ENTREPRENEURSHIP is increasingly generating more awareness in South Africa and while the industry should be a desirable employment option for most, there are various challenges that entrepreneurs entering the market should bear in mind when starting their new venture.
According to Christo Botes, executive director at Cape Town-based Business Partners many think that becoming an entrepreneur will equate to decreased levels of stress and leaving the constant rat race of the corporate world behind, when in fact newly established entrepreneurs often find themselves in a different kind of race, with a different set of challenges.
He says that the first three to five years is a real test of survival for new businesses as there are various challenges that entrepreneurs are likely to face when starting their own business. “Common external challenges can include competitors and financial institutions that refuse to fund your business, while internal challenges are brought about by factors within a business, such as cash flow, management skills and industry knowledge.”
An entrepreneur who has experienced some of these challenges and ultimately overcame them is Warren Graver, founder and director of Envirodeck, and winner of the 2012 Small Business Entrepreneur of the Year title, who says that Envirodeck, an industry leader in environmentally conscious and sustainable decking products, has not always been a successful business and that he had to overcome a significant number of challenges in the early years of the business. “I could not have made worse business decisions than in the first two years of opening the business, which was doomed by me not focusing sufficiently on market, product or supplier research.
“The first challenge that I faced was that although I noticed a considerable gap in the market, I was unsure on how to present the product to an existing market that I had no experience in. It was also a market that was very reluctant to change to new products, as timber was traditionally the only way that decking had ever been done, and it proved extremely tough to penetrate a market when no one had ever seen or heard of such innovative products.” Botes says that a business challenge for some entrepreneurs can be the ability to forge their idea and opportunity into a business idea. “Entrepreneurs usually identify a problem or gap in the market where they are able to offer an alternate solution, but struggle to integrate their solution into a business plan that ultimately promotes the company effectively and efficiently to the correct market. It is therefore vital that entrepreneurs seek guidance and advice when in the initial stages of the planning process.”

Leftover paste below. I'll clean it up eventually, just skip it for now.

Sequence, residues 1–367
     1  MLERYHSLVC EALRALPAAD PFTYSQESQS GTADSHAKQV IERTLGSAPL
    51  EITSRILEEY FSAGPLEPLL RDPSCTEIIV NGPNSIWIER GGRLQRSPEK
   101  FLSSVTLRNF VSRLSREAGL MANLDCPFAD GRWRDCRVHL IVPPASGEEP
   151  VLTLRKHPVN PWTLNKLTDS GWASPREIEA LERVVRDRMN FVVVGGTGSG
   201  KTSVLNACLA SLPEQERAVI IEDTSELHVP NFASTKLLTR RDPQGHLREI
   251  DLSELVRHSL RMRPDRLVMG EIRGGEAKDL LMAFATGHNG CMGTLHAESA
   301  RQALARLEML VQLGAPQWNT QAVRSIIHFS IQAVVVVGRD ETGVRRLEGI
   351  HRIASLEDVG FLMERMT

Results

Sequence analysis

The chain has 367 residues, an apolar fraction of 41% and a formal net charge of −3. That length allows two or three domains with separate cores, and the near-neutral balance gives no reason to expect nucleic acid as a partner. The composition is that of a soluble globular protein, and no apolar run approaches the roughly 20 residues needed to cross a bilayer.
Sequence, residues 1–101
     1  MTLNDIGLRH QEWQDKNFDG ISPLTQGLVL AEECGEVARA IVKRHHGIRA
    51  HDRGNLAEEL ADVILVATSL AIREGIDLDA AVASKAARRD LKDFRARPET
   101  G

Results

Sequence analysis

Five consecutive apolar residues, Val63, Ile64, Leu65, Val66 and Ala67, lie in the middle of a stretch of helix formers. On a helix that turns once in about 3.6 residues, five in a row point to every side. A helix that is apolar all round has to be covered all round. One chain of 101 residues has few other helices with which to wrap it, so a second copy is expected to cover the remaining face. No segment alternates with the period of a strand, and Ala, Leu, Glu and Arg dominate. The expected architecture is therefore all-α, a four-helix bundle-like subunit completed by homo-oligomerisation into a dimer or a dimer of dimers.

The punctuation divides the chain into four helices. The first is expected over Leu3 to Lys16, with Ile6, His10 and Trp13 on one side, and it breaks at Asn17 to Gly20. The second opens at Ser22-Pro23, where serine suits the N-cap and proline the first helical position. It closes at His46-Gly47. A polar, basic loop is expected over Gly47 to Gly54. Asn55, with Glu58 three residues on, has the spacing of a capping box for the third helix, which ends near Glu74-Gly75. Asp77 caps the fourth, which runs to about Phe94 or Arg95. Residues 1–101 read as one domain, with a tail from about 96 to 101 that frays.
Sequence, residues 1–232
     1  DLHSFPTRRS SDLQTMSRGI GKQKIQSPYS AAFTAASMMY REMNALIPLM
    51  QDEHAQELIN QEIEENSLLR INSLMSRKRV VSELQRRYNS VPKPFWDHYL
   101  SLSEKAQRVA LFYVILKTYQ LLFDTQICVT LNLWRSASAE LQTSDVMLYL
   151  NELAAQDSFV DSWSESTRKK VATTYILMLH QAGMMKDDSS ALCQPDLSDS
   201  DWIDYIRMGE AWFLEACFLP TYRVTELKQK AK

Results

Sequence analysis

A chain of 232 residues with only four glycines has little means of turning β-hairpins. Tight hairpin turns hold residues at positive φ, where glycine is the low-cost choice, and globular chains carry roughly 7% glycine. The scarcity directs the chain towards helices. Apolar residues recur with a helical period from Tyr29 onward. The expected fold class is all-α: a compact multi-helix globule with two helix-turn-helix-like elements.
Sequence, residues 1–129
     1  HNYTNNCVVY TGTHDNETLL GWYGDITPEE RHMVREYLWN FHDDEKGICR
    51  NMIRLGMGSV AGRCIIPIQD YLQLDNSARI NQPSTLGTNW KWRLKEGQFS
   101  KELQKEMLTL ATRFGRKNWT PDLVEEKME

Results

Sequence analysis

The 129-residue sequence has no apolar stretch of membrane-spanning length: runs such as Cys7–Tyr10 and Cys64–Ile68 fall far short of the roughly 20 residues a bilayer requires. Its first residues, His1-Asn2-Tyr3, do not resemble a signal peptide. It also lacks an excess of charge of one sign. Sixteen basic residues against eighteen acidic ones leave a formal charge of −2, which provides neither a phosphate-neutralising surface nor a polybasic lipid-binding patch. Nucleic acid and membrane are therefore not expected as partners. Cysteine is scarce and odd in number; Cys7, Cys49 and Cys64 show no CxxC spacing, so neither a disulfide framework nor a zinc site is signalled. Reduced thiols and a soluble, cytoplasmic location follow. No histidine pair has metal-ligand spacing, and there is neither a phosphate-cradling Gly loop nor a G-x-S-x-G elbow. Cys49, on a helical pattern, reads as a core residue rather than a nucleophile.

Graver says that another challenge he encountered was establishing a supplier network. “I did not do sufficient supplier research and subsequently after landing the first shipment, the supplier closed its doors. This error in judgment on my behalf meant that the initial start-up capital was quickly absorbed into obsolete inventory that would never be sold even at discounted rates.”
He also touches on the importance of managing cash flow. “The most critical element of a start-up business is managing cash flow versus inventory management, a concept that I failed to understand and subsequently a year later I had no start-up capital left.”
Botes says that most entrepreneurs face capital challenges a few months into operation as many hope to secure more capital once the business starts to grow. He adds that entrepreneurs should not be discouraged by these challenges. “Overcoming these challenges doesn’t have to be complicated. If problems are solved as they come up, rather than letting them escalate to a point of no return, an entrepreneur will be able to grow and move his or her business forward.” In the case of Envirodeck, Graver says the business was saved through continual focus on the gap in the market. “Through intense global product sourcing, supplier canvassing and a life-saving loan, I managed to slowly recover and turn the business around so that by 2009 it had broken even.”
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